Isaac Newton was born on Christmas Day 1642 in Lincolnshire, England. He was a premature baby and, in fact, he was so weak and small that nobody expected him to survive. Against all odds, the baby lived, but he was an orphan. Isaac’s father, a wealthy and illiterate farmer who could not even sign his name, had died three months before Isaac’s birth.
When the boy was three years old, his mother married an Anglican minister. Her new husband did not want to raise the child, so Isaac was left behind with his grandparents and almost never saw his mum. He missed her very much and felt very lonely. Till the end of his life he was a loner and a very secretive person, and did not get on well with other people.
Isaac went to a local village school where he learned to read and write. Since he was very intelligent and the school could not teach him much more, he was soon sent to another school, farther away from home. Unfortunately, he did not like it and he did not find the school subjects interesting. He was not a very good student at first, but his grades improved after a fight with another student. Isaac wanted to have better grades than he did, so he started working hard and soon became top of the class.
When he was ten, his stepfather died and Isaac’s mother moved back. She wanted her eldest son to become a good farmer. However, farming did not interest him at all, and one of his teachers persuaded his mother that such a brilliant student should go to university. She was not very happy about that and even though she agreed to send him to Cambridge, she refused to pay his fees. Thus, Isaac had to work as a servant for the rich students to pay for his education.
Newton did not like many things that were taught at Cambridge, but he loved the library. He read the works of ancient philosophers, Copernicus, Kepler, Galileo and many others. He was also interested in mathematics, astrology and alchemy, which was then considered to be as legitimate as other areas of science. Newton, and many other respected alchemists, searched for the Philosopher’s Stone that was supposed to turn other metals into gold, and the Elixir of Life that would make people immortal.
When the plague broke out in England, universities were closed and all the students had to return home. The year and a half that Newton spent on his mother’s farm turned out to be very productive. During that period of time Newton invented his own form of mathematics, which is now known as calculus. He studied light and figured out how rainbows are formed. He also started working on the laws of motion and the theory of gravity.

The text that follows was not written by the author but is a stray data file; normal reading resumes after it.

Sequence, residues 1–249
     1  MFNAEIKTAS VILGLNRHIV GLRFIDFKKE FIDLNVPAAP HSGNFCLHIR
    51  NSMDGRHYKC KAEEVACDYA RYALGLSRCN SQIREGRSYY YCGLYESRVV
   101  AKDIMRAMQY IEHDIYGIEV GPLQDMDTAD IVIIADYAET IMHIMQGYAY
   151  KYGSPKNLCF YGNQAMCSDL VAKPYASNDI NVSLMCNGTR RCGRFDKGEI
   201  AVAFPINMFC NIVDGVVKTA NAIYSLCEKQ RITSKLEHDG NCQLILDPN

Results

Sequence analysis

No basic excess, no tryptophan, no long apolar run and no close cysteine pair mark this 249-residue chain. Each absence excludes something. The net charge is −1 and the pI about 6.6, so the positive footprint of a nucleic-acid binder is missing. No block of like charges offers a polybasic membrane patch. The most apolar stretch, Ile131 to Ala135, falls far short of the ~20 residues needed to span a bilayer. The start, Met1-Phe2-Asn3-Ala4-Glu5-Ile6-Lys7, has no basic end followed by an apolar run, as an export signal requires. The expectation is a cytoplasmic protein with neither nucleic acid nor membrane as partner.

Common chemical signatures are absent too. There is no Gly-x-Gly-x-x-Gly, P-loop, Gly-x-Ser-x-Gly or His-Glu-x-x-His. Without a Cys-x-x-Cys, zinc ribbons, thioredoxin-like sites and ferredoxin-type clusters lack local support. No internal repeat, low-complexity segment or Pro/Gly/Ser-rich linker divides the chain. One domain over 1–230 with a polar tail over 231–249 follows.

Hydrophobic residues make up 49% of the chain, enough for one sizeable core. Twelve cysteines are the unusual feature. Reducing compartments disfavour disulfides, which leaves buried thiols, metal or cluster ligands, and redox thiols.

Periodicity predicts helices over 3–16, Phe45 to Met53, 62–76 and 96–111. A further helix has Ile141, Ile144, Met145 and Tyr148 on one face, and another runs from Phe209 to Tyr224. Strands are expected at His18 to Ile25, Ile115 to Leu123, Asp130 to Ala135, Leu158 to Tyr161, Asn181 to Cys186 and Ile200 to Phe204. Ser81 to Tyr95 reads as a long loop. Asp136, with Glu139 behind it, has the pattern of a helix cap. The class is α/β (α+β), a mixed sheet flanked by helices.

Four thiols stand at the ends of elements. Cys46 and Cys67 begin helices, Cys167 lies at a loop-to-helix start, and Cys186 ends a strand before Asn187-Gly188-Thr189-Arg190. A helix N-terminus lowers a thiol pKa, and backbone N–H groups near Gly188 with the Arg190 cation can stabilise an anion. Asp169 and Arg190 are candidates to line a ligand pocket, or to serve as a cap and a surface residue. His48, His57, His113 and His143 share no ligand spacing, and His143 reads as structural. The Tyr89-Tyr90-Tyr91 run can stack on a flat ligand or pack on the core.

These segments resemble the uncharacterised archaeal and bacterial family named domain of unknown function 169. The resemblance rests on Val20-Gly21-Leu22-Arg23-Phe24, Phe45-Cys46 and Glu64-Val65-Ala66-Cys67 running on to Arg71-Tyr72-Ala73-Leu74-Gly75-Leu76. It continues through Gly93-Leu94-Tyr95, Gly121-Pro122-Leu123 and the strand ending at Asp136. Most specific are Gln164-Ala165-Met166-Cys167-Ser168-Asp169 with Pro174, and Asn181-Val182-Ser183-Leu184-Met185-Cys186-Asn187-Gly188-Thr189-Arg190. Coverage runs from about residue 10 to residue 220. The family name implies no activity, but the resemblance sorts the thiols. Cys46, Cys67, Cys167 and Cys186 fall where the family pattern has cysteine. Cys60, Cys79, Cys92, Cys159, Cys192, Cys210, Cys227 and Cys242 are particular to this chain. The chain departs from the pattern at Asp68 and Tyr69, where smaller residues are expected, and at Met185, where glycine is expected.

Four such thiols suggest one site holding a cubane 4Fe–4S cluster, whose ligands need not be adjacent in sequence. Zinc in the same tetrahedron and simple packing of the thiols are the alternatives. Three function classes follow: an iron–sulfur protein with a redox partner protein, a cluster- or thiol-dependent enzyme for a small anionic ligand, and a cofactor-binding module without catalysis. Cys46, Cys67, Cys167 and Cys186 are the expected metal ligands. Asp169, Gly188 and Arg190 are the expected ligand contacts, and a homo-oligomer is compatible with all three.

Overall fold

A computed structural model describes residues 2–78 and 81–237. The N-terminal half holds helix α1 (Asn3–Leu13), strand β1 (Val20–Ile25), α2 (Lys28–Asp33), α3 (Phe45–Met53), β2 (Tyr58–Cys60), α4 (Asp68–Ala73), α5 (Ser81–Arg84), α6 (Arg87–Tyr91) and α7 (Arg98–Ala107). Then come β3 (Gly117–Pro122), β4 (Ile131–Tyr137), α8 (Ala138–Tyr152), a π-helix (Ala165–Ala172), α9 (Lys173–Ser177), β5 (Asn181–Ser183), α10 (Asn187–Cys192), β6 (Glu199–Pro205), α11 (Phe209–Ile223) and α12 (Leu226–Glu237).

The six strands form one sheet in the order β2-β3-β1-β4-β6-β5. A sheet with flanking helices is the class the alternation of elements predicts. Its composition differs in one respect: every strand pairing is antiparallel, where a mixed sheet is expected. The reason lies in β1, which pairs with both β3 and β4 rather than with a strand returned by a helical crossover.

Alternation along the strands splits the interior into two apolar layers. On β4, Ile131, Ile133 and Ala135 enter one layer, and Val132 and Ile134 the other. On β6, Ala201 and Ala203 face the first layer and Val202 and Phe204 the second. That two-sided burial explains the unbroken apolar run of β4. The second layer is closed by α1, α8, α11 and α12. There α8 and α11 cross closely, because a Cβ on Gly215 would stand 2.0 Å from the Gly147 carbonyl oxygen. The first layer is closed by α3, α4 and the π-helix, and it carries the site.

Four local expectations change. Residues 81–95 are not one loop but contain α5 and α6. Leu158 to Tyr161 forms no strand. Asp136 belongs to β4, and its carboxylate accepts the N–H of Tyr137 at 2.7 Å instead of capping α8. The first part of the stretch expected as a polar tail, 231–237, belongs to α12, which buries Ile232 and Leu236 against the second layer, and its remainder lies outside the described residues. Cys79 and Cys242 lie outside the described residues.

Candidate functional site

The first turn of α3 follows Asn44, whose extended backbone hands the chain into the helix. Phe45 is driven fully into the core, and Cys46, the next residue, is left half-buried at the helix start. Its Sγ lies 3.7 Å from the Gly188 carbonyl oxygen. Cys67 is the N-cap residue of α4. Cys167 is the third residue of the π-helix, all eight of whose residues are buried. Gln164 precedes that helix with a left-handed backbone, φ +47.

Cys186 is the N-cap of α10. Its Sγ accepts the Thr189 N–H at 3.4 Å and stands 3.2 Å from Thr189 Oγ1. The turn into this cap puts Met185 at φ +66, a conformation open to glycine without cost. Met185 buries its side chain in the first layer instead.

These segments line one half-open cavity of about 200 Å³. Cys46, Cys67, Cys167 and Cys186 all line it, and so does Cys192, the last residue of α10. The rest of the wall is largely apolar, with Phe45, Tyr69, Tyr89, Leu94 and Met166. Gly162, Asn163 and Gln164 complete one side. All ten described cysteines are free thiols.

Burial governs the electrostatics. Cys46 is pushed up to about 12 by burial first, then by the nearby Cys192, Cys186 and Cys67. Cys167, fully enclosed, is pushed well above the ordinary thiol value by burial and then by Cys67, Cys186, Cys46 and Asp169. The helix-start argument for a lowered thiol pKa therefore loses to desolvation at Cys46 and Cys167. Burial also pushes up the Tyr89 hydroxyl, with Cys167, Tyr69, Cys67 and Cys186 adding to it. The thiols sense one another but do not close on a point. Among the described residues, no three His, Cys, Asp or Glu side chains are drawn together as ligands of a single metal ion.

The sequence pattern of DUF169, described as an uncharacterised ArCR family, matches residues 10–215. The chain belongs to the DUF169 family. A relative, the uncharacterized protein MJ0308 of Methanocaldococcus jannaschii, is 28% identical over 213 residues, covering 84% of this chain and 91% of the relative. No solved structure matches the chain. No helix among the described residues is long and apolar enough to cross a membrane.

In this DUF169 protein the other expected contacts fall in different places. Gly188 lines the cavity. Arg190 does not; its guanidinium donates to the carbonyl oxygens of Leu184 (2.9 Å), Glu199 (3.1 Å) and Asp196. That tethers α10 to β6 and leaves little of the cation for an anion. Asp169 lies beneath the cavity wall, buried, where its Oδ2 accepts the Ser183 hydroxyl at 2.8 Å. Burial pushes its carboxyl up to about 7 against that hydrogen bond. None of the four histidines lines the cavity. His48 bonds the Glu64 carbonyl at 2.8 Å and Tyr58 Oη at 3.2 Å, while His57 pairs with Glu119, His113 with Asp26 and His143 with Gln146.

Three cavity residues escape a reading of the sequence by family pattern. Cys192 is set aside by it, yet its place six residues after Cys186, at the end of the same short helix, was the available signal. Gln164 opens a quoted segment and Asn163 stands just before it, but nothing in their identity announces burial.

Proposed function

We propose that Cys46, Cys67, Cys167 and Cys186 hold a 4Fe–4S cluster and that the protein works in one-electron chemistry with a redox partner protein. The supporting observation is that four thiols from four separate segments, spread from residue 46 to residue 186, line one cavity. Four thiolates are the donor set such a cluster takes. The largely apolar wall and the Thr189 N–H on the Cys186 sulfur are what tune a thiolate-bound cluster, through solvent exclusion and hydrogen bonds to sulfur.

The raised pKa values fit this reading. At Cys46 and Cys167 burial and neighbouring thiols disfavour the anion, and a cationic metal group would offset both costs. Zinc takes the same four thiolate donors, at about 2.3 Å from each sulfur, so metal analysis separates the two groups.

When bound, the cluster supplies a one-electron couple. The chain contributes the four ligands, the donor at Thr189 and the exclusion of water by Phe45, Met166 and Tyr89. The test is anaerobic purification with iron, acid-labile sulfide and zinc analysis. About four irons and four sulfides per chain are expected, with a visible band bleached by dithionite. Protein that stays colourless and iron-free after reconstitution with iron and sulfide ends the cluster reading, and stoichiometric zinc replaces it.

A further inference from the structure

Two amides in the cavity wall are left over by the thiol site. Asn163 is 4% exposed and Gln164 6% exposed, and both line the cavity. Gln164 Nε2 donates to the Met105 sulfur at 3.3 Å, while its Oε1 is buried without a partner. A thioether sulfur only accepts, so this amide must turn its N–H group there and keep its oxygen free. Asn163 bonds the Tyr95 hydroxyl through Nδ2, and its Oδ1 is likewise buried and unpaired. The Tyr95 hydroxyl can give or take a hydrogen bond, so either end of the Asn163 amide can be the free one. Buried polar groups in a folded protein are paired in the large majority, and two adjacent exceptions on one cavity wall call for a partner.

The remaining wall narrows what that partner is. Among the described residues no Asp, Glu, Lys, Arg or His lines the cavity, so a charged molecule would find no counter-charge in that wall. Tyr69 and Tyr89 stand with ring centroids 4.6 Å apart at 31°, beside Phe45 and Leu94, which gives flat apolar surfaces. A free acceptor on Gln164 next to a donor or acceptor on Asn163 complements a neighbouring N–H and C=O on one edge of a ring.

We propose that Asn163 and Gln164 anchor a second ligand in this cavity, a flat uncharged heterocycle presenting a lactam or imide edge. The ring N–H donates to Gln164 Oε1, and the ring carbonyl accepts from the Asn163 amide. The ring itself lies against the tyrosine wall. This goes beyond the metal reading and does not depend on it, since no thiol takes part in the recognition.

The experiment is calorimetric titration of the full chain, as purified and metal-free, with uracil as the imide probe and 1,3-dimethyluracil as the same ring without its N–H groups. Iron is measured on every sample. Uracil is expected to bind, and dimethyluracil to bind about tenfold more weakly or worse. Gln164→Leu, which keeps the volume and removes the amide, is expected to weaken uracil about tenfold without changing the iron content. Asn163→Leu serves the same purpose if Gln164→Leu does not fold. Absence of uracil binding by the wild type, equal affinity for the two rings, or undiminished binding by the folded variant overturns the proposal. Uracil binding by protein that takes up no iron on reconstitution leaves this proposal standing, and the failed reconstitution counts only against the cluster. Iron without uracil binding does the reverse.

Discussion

According to a popular story, one day Isaac was sitting under an apple tree and suddenly an apple fell on his head. He started thinking about why objects moved downwards and came up with the idea of a force that pulls them towards the Earth.
When the epidemic ended, Newton returned to Cambridge. He became a lecturer but teaching was definitely not one of his strengths. His classes were boring and almost nobody attended them – but Newton did not care much and preferred to spend time thinking.
His interest in astronomy led him to build a telescope that was much better than anything else used before. Even the king was impressed with Newton’s invention and soon he became a member of the Royal Society.
In 1687 he published his famous book ‘Mathematical Principles of Natural Philosophy’, which laid the foundation of modern physics and explained the idea of gravity. It also presented Newton’s three laws of motion which explained the movement of things in the Universe. In 1703 he became president of the Royal Society. In 1705, in recognition of his great achievements, he was knighted and became Sir Isaac Newton.
Newton’s intellect remained sharp till the end of his long life. When he died in 1727 at the age of eighty-five, he was buried in Westminster Abbey, among kings, queens and other great people of England.